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FRIDAY, July 20, 2018 (HealthDay News) -- Amid lawsuits and plummeting sales for its Essure birth control device, drug giant Bayer announced Friday that it would cease U.S. sales of the product by the end of 2018.
"This decision is based on a decline in U.S. sales of Essure in recent years and the conclusion that the Essure business is no longer sustainable," Bayer said in a statement. The United States was the last country in which Bayer marketed Essure, the Washington Post noted.
The announcement comes after years of claims by thousands of American women who used the implant that Essure caused serious problems. Those problems include chronic pain and perforations of the uterus and fallopian tubes.
Essure is made of two inch-long flexible metal coils. In a short procedure, doctors insert the device via the vagina and cervix into the fallopian tubes. Then, scar tissue slowly forms around the implant, blocking passage of the egg from the ovaries to the uterus via the fallopian tubes.
Bayer denies that Essure is unsafe or ineffective, and in Friday's statement said that women currently using the product can "confidently" rely on it.
Critics of the device are numerous, however, and a 37,000 member-strong FaceBook group called "Essure Problems" has long pressured the U.S. Food and Drug Administration to ban the device.
While the agency has said that Essure's benefits outweigh its risk, it did slap a "black box" warning on the implant in 2016, and ordered more safety studies. And in February, the FDA ordered that Essure only be sold through doctors who guaranteed that women were being fully informed about risks connected to the device.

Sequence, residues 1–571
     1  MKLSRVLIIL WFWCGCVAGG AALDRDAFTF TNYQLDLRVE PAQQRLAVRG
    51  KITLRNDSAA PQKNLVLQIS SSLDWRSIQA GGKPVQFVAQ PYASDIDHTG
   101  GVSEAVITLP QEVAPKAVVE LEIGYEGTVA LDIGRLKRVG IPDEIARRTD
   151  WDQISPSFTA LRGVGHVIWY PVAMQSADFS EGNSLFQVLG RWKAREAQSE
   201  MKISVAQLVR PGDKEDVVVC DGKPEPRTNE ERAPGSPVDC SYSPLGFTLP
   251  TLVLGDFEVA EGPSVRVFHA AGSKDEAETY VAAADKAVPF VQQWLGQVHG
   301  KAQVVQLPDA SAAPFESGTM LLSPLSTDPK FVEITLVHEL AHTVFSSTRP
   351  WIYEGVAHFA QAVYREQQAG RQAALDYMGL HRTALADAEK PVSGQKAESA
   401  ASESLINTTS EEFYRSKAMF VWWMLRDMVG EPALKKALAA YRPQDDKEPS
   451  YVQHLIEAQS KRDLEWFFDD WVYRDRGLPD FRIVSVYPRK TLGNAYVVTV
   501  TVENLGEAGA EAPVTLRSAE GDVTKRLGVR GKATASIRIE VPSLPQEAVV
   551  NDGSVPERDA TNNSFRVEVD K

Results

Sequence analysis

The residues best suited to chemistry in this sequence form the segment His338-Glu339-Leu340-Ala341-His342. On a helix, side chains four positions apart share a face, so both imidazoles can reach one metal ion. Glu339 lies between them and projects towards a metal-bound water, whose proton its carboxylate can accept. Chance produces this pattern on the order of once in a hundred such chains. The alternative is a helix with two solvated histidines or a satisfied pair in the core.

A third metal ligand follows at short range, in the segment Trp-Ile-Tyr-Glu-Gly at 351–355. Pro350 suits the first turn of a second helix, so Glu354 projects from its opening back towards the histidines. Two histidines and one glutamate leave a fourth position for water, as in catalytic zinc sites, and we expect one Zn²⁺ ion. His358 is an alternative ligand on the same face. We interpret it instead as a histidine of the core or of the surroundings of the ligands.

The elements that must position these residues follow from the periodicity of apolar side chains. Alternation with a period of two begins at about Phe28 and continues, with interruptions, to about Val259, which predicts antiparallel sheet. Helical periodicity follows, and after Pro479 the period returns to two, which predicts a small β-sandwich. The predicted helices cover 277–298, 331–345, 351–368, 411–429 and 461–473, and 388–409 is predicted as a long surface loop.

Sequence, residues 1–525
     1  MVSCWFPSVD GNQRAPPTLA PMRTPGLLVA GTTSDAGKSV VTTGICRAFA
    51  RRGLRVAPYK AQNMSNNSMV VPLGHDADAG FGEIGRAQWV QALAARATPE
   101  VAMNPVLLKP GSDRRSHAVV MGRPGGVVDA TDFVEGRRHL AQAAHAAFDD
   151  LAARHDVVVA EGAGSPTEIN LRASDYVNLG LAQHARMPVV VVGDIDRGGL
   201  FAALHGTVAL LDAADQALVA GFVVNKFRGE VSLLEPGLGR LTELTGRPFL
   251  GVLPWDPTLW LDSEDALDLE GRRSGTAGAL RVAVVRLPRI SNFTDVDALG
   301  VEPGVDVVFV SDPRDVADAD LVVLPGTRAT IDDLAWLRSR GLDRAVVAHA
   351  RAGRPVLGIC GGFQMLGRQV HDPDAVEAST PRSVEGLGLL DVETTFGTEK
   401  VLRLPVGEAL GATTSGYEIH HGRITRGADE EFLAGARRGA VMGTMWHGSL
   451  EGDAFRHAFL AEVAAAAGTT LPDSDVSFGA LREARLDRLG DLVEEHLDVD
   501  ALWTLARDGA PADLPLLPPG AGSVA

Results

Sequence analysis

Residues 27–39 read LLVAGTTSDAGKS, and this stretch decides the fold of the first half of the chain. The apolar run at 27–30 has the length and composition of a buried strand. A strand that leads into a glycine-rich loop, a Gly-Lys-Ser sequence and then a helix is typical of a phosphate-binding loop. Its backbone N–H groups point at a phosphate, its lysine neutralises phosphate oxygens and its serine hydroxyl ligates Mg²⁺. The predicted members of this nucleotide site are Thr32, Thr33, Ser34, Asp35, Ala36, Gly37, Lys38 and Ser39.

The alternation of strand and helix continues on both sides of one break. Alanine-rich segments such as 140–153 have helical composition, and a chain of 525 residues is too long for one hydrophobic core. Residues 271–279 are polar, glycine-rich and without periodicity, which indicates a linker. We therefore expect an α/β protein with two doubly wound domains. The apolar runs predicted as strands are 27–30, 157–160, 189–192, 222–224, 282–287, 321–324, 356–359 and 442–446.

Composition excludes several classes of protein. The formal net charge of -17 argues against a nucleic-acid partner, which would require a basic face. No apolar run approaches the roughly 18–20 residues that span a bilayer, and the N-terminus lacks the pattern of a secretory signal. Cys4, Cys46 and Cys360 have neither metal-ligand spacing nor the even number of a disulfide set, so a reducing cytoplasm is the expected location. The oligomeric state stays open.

In a statement released Friday, agency Commissioner Dr. Scott Gottlieb said that "even when Essure is no longer sold, the FDA will remain vigilant in protecting patients who've already had this device implanted." That includes monitoring "adverse event" reports and holding Bayer to its promise to conduct further safety studies.
"I also want to reassure women who've been using Essure successfully to prevent pregnancy that they can continue to do so," he said.
"Those with Essure who suspect they may be having symptoms related to the device, such as persistent pain, should consult with their doctor on what steps may be appropriate for them to take," Gottlieb continued. "Device removal has its own risks. Patients should discuss the benefits and risks of any operation or procedure with their health care providers before deciding on the best option for them."
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SOURCES: U.S. Food and Drug Administration, news release, July 20, 2018; Washington Post